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TO THE READER.
If an Antiquary, it is presumed that the following Pages may possess sufficient interest to arrest your attention ;—if a Relative or Connexion of Archbishop Wake, or a Father who has lost an only Son, some idea may be formed of the painful feeling with which the Manuscript was thrown aside on the death of his beloved Child. It was found among the Archbishop's Papers after
his decease in his own hand writing, and
->< given by his Executors to his-eWest Daughter
Mrs. Lynch; others of the family of course had Copies. That to which I had access was transcribed from the Original, of which I have given a literal Copy. A Memoir of the Family of so eminent a Man must always be interesting, therefore no apology can be necessary from his great Gran daughter for giving it to the Public.
TO MY SON.1
Th6 to value a Mans self upon the Honour, or Antiquity, of his Family, and glory in those things, which are owing to his Fortune, not his Desert, be a ffolly justly to be derided by all wise Men: yet I cannot but think it a pardonable Curiosity for any One, to desire to know from Whome he is descended, and what Figure his Ancestors, in their several Ages, are reported to have made in the World. There is something in the History of great Men, that is not only very entertaining, but instructive too: It gives us the truest Notion of human Nature: and shews us better than all the Rules in the World, what is Worthy and Becoming: And how it will behove Us to conduct ourselves, if ever we mean to be either justly Esteemed, whilst we live, or to be Honoured by posterity, after we are dead.
1 This Son died an Infant about four years old. E. B.
Nor is this all the Benefit which such a prospect may be apt to bring to us. Examples are not only very instructive, but operative, and encouraging. They excite a Man to Do what is generous and worthy, as well as shew him what he ought to account so. They raise a secret Emulation in his Breast, and prick him on to a desire of Rivalling those whose Actions he reads of, and whose Virtues he admires.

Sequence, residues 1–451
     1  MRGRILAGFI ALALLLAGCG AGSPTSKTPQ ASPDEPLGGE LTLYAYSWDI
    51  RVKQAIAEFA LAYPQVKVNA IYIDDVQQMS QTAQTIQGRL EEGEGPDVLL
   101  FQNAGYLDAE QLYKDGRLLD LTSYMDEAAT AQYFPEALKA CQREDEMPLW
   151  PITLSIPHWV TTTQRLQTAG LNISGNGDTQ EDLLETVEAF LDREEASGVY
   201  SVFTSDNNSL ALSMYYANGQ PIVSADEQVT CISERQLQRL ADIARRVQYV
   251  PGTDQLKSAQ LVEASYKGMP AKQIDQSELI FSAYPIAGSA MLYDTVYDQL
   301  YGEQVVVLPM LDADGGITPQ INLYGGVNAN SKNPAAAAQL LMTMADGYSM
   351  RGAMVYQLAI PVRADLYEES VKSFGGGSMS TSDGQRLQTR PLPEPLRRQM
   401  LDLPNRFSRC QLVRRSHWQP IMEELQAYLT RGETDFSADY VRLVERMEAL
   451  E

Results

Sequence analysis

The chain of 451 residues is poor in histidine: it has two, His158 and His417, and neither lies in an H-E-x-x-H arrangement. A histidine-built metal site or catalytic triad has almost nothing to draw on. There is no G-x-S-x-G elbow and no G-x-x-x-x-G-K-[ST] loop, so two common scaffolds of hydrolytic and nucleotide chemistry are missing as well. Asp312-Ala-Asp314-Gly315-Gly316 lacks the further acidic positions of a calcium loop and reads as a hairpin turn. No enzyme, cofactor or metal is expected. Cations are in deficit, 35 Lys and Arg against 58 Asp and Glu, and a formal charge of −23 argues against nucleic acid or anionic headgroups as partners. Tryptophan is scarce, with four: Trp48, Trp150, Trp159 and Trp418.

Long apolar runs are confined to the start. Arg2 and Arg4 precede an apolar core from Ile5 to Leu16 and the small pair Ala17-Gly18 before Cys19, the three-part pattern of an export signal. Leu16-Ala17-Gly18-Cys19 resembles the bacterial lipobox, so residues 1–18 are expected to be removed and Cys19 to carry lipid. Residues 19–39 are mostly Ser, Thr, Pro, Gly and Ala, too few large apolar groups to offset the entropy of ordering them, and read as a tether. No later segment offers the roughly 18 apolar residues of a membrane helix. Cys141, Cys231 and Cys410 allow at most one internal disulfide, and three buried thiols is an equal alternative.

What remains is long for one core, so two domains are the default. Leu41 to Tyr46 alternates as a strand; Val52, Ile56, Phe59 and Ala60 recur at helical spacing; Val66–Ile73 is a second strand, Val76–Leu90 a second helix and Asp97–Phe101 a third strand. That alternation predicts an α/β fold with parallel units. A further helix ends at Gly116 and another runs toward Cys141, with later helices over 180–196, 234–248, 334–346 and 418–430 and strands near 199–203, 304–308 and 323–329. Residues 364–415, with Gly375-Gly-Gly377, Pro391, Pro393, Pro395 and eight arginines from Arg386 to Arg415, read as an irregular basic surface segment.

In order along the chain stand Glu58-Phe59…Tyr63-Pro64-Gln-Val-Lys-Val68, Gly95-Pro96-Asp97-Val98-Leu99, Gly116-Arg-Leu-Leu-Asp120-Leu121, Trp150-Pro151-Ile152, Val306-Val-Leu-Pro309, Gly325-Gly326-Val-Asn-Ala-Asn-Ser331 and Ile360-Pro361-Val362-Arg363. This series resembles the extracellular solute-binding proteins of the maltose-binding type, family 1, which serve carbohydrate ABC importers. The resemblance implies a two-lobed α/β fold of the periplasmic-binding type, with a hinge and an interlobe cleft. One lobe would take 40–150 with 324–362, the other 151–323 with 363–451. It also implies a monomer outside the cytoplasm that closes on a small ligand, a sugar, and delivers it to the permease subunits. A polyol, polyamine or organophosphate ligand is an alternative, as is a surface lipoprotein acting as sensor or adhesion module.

And as this is wont to be the Effect of such Enquirys to all Men whose Souls are not utterly sunk down into, and overwhelm'd with Matter; So of all kind of History, I know none so apt to inspire into a Mans Mind a Desire of doing well, as that which relates to his own Family, When a Man looks back upon the Fortunes of his Country, and sees what glorious Things his Ancestors have done for it; How far they have ventured, and how much they have suffered, for the Sake of it; And what Honour they have gained by their so doing; If any thing can stir up such a One to act worthily, here certainly is that, which of all things, will be most likely so to do: And we may conclude that Man to be past all Sense of Honour, all Impressions of Virtue, who is not to be wrought upon, by such Motives to do well.
It is upon this Account especially, that as I look upon it as no small Happiness for any one to be descended of a brave and worthy Stock; So would I have those that are so, to be well acquainted with the Characters of their Ancestors, and to be early instructed in the History of their Lives and Actions. This would possess them from the beginning with generous Thoughts, and good Inclinations; would breed them up with an Opinion that they ought, and an Endeavour, that they may be able to keep up the Honour of their Name: and make every latter Descendant of a noble House, ambitious, if it may be, to surpass whatever had been done by any of their Race before Them.
I will not deny but that there was somewhat of this Hope, as well as a natural Curiosity of searching as far as I had Opportunity, into the Antiquitie of my Family, that first induced me to put together that short Account, I am no w about